Hold Me Well Artist Profile: Ellie McBride

Ellie McBride plays Amelia in the World Premiere of Eva Suter's Hold Me Well for Shrewd. Why are you excited to be working on Hold Me Well? When Eva's version of Hold Me Well was put up at UT for the New Works festival in 2014, I was fortunate be be invited to work on that version, as Amelia. I love working on new plays in the throws of development, and it was a wonderful opportunity to be part of Hold Me Well's evolution. When Rudy asked me to join the Shrews production, I was super excited to see where Eva had taken the play and Amelia, and where Rudy's concepts for the show would take things. It's been a wonder revisiting this with different people and seeing how every touch, by every

Hold Me Well Artist Profile: Eva Suter

Playwright Eva Suter on the world premiere of her play, Hold Me Well. What are you most excited about for the premiere of Hold Me Well? Writing this play was like writing a novel -- and only showing a little bit. I take a lot of joy in the project of world building, of all the side stories and settings just out of sight. Seeing Hold Me Well up on its feet woke that world up again, and starts my mind spinning on what's next. Where else to be explored. I worked with Rudy early on in the initial development and world building of Hold Me Well, it's such a rad blessing to have his sharp brain and heart leading up this world premiere! I've dug Shrewd's work in town for a nice while now and am stok

Hold Me Well Artist Profile: Emily Rankin

Emily Rankin plays Casey in the World Premiere of Eva Suter's Hold Me Well for Shrewd. What drew you to Hold Me Well? I was drawn to Eva Suter’s Hold Me Well in part because I found it fascinating to see the classic themes in Othello—jealousy, desire, suspicion, and fear—played out in an atmosphere free from gender bias or the too-rigid ideas found in the gender binary. In an all-female cast, these themes are freed from their conventionally stereotypical gender roles and become universal. Watch the video below for more thoughts from Emily on creating Casey. About Emily Emily Rankin is an actor, director, and stage manager who’s worked with several companies in and around Austin, including P

Hold Me Well Artist Profile: Taylor Flanagan

Taylor Flanagan plays Raquel in the World Premiere of Eva Suter's Hold Me Well for Shrewd. What drew you to Hold Me Well? I love Shakespeare. So initially I was drawn to this show because I heard it was kind of like the Othello story, but set after the apocalypse. So that caught my eye. And I hadn't gotten the chance to work with Rudy as a director before. So that was another plus. Then I heard it was all-female and I thought: a show entirely comprised of talented, badass women?! Yes and PLEASE! And then I got to read Eva's script and I was like: y'all...gimme this. About Taylor This is Taylor Flanagan's second show with Shrewd. She played Amiens, Le Beau, William, and Hymen in Shrewd'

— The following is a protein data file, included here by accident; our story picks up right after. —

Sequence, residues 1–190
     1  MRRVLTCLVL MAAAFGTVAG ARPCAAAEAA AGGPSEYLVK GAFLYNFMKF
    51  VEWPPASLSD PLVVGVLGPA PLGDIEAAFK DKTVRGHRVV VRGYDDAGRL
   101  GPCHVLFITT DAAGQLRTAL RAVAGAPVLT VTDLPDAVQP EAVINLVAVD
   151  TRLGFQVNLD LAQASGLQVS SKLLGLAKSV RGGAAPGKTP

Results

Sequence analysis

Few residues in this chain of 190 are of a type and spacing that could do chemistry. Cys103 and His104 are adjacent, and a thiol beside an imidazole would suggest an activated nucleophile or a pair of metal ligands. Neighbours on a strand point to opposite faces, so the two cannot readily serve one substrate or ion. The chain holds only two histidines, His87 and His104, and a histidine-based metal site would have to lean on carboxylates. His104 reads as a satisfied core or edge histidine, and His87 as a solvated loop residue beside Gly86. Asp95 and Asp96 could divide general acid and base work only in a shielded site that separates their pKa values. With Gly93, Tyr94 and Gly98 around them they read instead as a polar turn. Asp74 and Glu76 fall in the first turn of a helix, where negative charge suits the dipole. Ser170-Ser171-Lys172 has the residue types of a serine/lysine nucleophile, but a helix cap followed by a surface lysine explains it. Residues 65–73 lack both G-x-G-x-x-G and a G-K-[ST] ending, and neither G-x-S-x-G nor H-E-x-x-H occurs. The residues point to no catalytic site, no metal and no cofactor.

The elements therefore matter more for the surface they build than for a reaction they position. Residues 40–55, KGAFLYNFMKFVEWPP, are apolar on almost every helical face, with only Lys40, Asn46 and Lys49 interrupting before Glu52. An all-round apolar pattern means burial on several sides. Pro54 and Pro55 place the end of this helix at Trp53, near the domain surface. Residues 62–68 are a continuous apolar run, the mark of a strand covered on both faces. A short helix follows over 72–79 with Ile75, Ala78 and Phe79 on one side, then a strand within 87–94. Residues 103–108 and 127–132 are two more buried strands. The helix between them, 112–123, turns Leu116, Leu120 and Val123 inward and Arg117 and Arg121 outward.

Hold Me Well Artist Profile: Hayley Armstrong

Hayley Armstrong plays Des in the World Premiere of Eva Suter's Hold Me Well for Shrewd. Why are you excited to be working on Hold Me Well? Before auditioning for “Hold Me Well,” I read through the play synopsis, and I just knew that I wanted to be a part of it. First off, it’s an adaptation of my favorite Shakespeare play, Second, it features an all-female cast and is written by a rad female playwright, (Seriously, as a woman, who wouldn’t want to feed off of the awesomeness of other women?) and Third, Rudy Ramirez is directing, which was just the icing on the cake, the guy’s brilliant. So, initially I was lured in by those aspects, but what has kept me intrigued and challenged throughout t

Hold Me Well Artist Profile: Rudy Ramirez

Rudy Ramirez directs the World Premiere of Eva Suter's Hold Me Well for Shrewd. Why this play? Why now? Why Shrewd? I began working with Eva Suter on this play in the fall of 2013; she brought me on board to help her think through the queer ramifications of a world in which "all the men are dead." A big part of my journey with this play, particularly as a queer artist, is working to represent that a biological agent can't eliminate a sociological construct: it might kill people with Y chromosomes, but that means that a number of women will die and number of men will live, so our characters must mourn the loss of women as well as men even as they navigate a landscape where the sociological

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© Shrewd Productions, Photos by Errich Petersen, Kimberley Mead, Steve Rogers, Tia Boyd, Maureen Martinez, Sara Erensoy, Tate English and Bret Brookshire

 

Shrewd Productions is a sponsored project of the Austin Creative Alliance.
This project is funded and supported in part by the City of Austin through the Economic Development Department/Cultural Arts Division believing an investment in the Arts is an investment in Austin’s future.  Visit Austin at NowPlayingAustin.com.

 

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